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Fairvilla regains voice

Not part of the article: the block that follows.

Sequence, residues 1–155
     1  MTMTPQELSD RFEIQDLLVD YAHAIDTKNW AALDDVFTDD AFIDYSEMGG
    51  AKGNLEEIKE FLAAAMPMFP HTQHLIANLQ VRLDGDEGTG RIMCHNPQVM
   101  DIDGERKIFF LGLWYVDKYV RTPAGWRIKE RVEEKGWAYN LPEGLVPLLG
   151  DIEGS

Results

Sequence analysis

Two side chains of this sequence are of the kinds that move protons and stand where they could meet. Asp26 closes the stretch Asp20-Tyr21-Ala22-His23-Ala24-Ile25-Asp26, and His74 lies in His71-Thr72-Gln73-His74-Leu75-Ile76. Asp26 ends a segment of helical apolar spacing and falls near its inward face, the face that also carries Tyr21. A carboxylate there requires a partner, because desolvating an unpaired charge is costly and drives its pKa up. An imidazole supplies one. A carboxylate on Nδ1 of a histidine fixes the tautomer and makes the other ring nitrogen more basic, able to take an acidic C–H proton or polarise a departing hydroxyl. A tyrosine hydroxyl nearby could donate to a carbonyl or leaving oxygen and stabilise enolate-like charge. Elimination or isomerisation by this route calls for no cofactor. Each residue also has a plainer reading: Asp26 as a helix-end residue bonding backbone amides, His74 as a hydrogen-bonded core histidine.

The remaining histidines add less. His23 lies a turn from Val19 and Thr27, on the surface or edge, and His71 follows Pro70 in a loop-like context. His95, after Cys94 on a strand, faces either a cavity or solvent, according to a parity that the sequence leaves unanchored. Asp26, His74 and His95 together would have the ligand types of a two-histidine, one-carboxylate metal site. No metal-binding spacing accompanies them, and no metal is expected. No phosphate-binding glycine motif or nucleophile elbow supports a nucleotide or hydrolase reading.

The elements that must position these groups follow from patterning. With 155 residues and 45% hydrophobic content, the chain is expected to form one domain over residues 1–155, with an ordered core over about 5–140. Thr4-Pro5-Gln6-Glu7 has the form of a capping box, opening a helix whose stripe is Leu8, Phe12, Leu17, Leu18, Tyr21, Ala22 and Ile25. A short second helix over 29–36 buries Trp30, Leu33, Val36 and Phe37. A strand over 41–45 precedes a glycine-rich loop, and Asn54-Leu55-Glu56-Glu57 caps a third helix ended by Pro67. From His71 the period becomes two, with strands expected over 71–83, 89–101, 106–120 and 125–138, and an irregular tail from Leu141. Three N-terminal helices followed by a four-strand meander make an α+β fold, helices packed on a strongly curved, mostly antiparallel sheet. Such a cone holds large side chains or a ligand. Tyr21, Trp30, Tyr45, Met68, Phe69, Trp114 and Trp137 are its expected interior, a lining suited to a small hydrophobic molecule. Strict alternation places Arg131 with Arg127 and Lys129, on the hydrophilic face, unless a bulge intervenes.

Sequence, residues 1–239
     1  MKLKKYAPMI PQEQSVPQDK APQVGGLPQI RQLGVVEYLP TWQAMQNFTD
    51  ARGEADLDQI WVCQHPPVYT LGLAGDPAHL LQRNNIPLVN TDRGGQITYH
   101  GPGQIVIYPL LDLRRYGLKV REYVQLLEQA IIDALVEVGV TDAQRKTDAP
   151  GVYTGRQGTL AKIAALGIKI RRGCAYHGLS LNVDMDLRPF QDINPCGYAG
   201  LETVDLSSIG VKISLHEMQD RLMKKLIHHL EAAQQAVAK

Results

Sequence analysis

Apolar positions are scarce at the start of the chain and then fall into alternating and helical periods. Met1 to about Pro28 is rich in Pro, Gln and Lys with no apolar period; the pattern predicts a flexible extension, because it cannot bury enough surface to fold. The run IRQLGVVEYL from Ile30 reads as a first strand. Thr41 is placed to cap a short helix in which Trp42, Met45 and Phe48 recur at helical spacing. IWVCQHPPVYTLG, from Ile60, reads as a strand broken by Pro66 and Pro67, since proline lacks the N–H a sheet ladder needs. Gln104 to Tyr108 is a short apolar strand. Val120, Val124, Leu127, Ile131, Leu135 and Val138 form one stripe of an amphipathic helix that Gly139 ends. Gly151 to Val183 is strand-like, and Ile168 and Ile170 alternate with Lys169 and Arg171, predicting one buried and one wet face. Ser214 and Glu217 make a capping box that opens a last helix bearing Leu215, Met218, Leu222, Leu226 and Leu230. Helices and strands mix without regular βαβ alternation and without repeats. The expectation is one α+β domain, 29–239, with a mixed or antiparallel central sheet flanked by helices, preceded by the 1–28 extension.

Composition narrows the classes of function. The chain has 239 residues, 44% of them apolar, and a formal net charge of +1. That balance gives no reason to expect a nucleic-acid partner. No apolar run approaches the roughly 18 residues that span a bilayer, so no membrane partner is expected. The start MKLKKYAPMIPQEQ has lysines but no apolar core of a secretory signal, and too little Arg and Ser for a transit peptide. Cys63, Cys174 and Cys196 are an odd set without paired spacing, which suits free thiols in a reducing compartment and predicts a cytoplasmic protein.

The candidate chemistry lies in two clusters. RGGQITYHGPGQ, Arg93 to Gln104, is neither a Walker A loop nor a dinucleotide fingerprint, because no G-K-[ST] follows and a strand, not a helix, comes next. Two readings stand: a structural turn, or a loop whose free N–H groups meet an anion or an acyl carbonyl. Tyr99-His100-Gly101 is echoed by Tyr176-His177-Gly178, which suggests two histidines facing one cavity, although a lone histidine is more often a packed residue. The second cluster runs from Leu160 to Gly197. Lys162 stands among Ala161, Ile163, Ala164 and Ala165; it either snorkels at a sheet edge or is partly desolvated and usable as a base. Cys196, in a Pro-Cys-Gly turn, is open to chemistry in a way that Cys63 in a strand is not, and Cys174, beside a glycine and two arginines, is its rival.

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After more than a month of silence, Fairvilla is back on the air. Two weeks ago, WHTQ-FM (96.5), owned by Cox Communications of Atlanta, began running advertising spots featuring the city's "adult megastore." The spots, which give little indication that Fairvilla's inventory includes a broad array of sex toys, had been summarily pulled from the radio waves in late May by WTKS/Real Radio-FM (104.1) due to a directive from owner Lowell "Bud" Paxson banning adult advertising ("Silencing Fairvilla," May 22, 1997).;;After a prolonged search and "a lot of negotiations," WHTQ has agreed to take Fairvilla's business, says Deborah Peterson, marketing manager for Fairvilla.;;But not before the company's enforced absence triggered a droop in sales. "There was an effect. We saw declines," says Peterson. "You have to keep your name in front of people. People forget.";;Paxson recently sold WTKS, along with his other 45 radio stations, to Clear Channel Communications, a Texas-based radio conglomerate ("Sale matters less than radio rates," July 3, 1997). So, while Paxson will switch with Clear Channel, the Orlando radio market remains in control of three conglomerates. These companies -- Cox, Clear Channel and Chancellor of Irving, Texas -- have the power to control what goes on the air, as well as the advertising rates.;;Unfortunately, despite the switch at WTKS, Peterson was not left with the impression that Clear Channel would be any more tolerant of Fairvilla's adult product line. "I really cannot expect for things to change," she says.

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